So this holiday season, buy some organic food. Carrots, oatmeal, dried beans, even popcorn are all reasonably priced and are affordable for people who live on a modest budget.

When you buy organic, you’ll be giving a gift not only to yourself and your family but also to Earth. And that, dear readers, is certainly a cause for holiday cheer.


Cornish game hens, salid, and moreThis summer, three of our daughter’s Shannon’s friends came from Washington, D.C., to attend her wedding. Shannon lived in D.C. for six years and made many good friends while she was there. When my husband, Clif, and I visited her, we met and become fond of some of those friends, in particular Matt, Alvaro, and George, the ones who came to her wedding. Matt and Alvaro have even stayed with us in Maine while visiting Shannon.

While in D.C., Shannon earned a reputation of being, shall we say, an indifferent cook. Therefore, at the wedding, when I told Matt and Alvaro what a good cook Shannon had become, they were incredulous. Well, if only they could have had dinner at Shannon’s place on Saturday. It would have made true believers out of them.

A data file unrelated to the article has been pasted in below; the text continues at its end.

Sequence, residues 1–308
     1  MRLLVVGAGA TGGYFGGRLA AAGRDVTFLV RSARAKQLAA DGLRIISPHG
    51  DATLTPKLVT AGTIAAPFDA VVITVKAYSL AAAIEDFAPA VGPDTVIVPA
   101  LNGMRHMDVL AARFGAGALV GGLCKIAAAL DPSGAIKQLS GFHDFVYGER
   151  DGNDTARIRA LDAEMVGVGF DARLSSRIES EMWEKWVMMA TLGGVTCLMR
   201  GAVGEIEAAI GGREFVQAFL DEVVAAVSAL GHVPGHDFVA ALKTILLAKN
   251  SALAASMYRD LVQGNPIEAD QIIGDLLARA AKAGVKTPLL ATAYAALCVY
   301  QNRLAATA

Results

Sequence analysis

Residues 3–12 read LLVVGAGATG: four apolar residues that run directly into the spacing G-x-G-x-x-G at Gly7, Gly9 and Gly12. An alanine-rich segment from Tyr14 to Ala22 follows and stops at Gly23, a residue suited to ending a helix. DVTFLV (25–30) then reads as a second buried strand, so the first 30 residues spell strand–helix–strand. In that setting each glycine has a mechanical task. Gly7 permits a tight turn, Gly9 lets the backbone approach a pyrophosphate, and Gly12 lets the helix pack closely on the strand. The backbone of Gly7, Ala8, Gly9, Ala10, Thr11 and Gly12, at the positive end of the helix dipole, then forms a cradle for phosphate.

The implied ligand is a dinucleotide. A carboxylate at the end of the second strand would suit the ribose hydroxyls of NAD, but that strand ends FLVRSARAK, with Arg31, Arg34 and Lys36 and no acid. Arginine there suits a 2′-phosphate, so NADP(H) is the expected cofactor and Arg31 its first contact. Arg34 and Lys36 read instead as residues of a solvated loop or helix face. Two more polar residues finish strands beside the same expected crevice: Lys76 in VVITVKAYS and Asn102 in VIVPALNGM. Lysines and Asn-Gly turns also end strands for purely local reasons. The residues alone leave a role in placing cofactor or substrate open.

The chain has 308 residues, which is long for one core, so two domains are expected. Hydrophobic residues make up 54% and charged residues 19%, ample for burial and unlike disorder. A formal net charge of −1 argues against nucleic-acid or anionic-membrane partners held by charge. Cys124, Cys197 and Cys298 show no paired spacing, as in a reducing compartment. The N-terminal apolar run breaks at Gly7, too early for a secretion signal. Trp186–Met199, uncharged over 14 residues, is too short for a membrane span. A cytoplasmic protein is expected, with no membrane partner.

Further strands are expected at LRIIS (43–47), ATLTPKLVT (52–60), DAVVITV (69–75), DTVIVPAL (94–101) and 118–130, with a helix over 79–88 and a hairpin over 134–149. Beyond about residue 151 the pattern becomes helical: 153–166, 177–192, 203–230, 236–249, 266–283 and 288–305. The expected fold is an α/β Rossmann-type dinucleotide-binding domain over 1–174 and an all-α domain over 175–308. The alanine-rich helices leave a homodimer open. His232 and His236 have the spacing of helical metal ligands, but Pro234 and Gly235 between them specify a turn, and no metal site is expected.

fennel and green bean saladAny meal that family and friends cook for me is a good meal. I love to cook, but I also love it when people cook for me, and while I appreciate good food, the act of cooking, the loving-kindness behind it, is just as important to me as the quality of the food. So when Shannon invited Clif and me over for a meal to celebrate the end of my radiation treatment, I immediately said, “Yes, please!”

I have watched Shannon’s progress in the kitchen and have tasted the results, so I knew I was going to get good food. However, I was totally unprepared for the meal she (and Mike!) made for us: Cornish game hens, moist and delicately flavored with lemon and fresh thyme; roasted carrots and fingerling potatoes; a fennel and green bean salad with feta and olives; and, the grand finishing touch, a homemade chocolate cake (Shannon’s specialty).